Trumpeter Scott Belck — who holds a doctorate in music studies, so that’s Dr. Belck to you and me — has a résumé that is almost ridiculously annotated with some of the greatest names in Jazz and Pop music, including the Woody Herman Orchestra, Manhattan Transfer, Linda Ronstadt, Aretha Franklin, Doc Severinsen and our own Blue Wisp Big Band. He’s toured with the Glenn Miller Orchestra, among others, performed with some of the country’s top symphony orchestras and been a member, bandleader or musical director of a dizzying array of groups and orchestras. Belck has sessioned and gigged with dozens of high-profile artists and been featured on an equally impressive number of recordings, including with his own trumpet ensemble, Tromba Mundi.
To top it off, last fall Belck was named Director of Jazz Studies at University of Cincinnati’s world-class College-Conservatory of Music, succeeding longtime department head Rick VanMatre, who retired last spring.
If Belck’s considerable roll call of accomplishments lacked one particular bullet point, it was the release of an album of original compositions under his own name. But he’ll be able to check that off his to-do list with the imminent release of At the Cannibals’ Prayer Breakfast.
“It’s been sitting in the can for a year,” Belck says over lunch at King Wok in Clifton. “Or (in) the hard drive. A lot of it has been done over the years, some of it is more recent. It was time to put a small group together and make a CD while there’s still a chance to make CDs, before they go away.”
Part of Belck’s intention with At the Cannibals’ Prayer Breakfast was to move away from some of the more populist work he’s done over the past decade and a half and stretch out in a small ensemble atmosphere (saxophone, piano, bass and drums). That mission is accomplished admirably on Prayer Breakfast.
“Part of it was the possibility of getting back into small group playing,” Belck says.
“I’ve spent a lot of the last 10 or 15 years doing more commercial types of things — shows and lead playing, high note kind of stuff. Prior to that, I spent most of my time playing Jazz, so this was a way to get those roots, as it were. It occurred to me that I was playing on other people’s recordings, and it was time to have my own.”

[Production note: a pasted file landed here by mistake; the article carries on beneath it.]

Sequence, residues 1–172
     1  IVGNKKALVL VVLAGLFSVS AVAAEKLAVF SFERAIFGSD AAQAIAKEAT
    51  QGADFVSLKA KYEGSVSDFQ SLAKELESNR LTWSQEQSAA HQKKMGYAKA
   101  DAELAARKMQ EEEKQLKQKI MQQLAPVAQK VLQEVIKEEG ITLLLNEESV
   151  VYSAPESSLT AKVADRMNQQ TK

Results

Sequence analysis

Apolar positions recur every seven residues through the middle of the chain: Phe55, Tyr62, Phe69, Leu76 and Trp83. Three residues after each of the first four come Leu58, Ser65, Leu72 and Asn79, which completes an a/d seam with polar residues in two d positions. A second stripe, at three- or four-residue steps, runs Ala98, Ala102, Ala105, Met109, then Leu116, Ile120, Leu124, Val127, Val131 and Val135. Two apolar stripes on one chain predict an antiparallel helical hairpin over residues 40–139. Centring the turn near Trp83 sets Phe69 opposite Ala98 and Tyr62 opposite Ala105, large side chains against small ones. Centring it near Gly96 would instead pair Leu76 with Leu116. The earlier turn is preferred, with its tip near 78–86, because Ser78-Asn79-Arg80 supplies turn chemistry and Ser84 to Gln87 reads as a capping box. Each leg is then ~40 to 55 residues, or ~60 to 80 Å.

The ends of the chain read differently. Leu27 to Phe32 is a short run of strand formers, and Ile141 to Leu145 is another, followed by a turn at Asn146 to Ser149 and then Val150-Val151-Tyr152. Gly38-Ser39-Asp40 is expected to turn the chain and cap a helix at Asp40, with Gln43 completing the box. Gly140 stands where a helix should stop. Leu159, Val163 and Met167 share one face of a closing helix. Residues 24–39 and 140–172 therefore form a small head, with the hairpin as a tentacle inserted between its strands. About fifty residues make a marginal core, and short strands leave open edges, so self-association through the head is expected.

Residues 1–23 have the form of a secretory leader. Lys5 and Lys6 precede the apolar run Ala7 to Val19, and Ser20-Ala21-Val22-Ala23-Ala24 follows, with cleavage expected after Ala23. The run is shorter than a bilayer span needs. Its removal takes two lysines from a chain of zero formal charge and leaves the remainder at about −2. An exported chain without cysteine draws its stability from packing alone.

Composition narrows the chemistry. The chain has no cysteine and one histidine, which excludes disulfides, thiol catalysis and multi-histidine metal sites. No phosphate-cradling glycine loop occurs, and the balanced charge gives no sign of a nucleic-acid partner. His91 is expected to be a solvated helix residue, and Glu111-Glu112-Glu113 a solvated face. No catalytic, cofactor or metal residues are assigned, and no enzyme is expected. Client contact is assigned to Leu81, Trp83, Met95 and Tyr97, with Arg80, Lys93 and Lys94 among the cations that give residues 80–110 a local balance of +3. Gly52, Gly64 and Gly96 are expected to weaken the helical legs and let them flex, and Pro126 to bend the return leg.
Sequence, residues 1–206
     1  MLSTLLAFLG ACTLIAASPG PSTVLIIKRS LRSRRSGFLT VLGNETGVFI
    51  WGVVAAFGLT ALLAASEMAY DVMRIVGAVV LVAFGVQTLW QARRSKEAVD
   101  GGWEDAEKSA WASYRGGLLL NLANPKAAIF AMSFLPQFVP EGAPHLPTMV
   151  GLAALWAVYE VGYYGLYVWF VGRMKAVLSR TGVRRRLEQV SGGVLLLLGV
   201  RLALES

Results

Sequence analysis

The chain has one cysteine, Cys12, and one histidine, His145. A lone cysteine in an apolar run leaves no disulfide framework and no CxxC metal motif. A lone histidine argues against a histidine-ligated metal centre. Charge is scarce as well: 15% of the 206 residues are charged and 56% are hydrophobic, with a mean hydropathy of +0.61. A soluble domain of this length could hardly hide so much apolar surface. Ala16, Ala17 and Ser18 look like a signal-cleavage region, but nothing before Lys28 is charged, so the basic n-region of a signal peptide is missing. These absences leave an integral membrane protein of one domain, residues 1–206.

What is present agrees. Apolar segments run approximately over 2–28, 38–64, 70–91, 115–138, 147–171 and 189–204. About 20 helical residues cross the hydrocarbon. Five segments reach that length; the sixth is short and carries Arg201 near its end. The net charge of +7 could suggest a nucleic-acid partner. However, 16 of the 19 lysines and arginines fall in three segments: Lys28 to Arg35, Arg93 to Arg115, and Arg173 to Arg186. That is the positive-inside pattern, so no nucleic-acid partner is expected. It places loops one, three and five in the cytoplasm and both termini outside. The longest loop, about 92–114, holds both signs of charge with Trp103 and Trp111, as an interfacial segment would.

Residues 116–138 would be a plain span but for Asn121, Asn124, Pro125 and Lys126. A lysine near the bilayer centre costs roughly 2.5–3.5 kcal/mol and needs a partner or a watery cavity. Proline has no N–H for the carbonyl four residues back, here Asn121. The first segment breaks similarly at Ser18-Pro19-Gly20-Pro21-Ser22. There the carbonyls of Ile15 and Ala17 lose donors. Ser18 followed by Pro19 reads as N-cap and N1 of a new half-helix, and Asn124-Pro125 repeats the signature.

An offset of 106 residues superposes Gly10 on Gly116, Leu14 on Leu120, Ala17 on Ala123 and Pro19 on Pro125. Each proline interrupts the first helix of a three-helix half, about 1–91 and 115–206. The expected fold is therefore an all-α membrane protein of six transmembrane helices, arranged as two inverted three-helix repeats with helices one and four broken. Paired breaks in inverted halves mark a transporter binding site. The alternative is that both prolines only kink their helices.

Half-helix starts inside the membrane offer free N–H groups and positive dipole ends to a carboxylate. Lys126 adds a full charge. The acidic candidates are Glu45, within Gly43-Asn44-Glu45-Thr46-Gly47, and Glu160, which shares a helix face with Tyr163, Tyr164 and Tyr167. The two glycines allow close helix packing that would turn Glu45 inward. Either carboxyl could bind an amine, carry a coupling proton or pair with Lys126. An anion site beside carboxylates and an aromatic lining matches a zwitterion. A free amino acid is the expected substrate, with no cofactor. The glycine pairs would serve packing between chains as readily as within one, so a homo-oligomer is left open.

Perhaps more to the point, Belck wanted to play in a more typically flavored Jazz setting than in his role as talented but sporadically spotlighted sideman. Clearly that kind of work will pay a lot of bills but it doesn’t begin to touch an artist’s soul.
“A lot of the work I’ve done has been a lot of reading for a session or a show,” Belck says. “There’s improvisation involved, but me coming back here is part of that changing dynamic of shifting the focus of my career. I’ve written what I like to think is more contemporary Jazz, based on and paying tribute to my compositional influences, like Pat Metheny. I don’t get to play with Pat Metheny, so the idea is to play stuff that’s in that groove.”
Groove is the perfect word for Belck’s work on Cannibals’ Prayer Breakfast, as he executes his compositions with a precision that points up his extensive musical education (University of Tennessee, masters from University of North Texas, doctorate from CCM) as well as a soulful elegance that is unteachably intuitive.
The Morgantown, W.V., native’s musical path has been circuitous, from his introduction to the trumpet in fifth grade (“My best friend was walking past my house, I asked him where he was going and he said, ‘To get a trumpet to play in band,’ and I said, ‘That sounds like a good idea.’ ”) to his first exposure to Cincinnati in 1987 as a UT music student playing Dixieland at Kings Island and then infiltrating the local Jazz scene. After cruise ship gigs and his stint with the Glenn Miller Orchestra, Belck got his master’s degree at UNT then joined the Air Force and played with the Air Force Field Band at Wright Patterson, which eventually overlapped with his doctorate studies in Trumpet Performance from CCM.
“I knew that if I did that (Air Force) band, I’d be getting out as an in-state student on the G.I. Bill,” Belck says. “I always kind of wanted to make my way back to Cincinnati.”
Belck’s session experience also blossomed as his reputation spread. Over the past 15 years, he has become one of the more in-demand trumpeters in the country.
“When I was in the Air Force, I started a big band because I was bored and we had a bunch of players who were really good,” Belck recalls. “In the process of growing that group, it started to blossom into a career of contracting for shows, or corporate events or producing Jazz festivals, mainly because I had a good Rolodex. They knew I had a phone and knew how to use it.”
With the release of Cannibals’ Prayer Breakfast, Belck says he isn’t overly concerned about airplay or acclaim. He just wanted to get the music in his head out into the world. And that’s no mean feat, particularly where the trumpet is concerned. With the instrument’s sonic possibilities determined by just three valves, on the surface it might appear to be a limited tool. But great players like Belck find a way to make the trumpet a vessel of artistic expression with few boundaries. How?
“I ask that very question every day,” Dr. Belck says with a laugh. “I open the case and I ask myself that question.”
comments powered by Disqus